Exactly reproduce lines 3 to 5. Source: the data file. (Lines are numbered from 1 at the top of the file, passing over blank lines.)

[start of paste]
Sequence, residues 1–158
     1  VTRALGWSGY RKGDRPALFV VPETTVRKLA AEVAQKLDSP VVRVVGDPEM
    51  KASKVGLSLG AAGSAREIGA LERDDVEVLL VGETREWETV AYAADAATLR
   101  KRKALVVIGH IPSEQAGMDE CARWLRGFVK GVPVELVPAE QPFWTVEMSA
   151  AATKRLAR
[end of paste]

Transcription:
    51  KASKVGLSLG AAGSAREIGA LERDDVEVLL VGETREWETV AYAADAATLR
   101  KRKALVVIGH IPSEQAGMDE CARWLRGFVK GVPVELVPAE QPFWTVEMSA
   151  AATKRLAR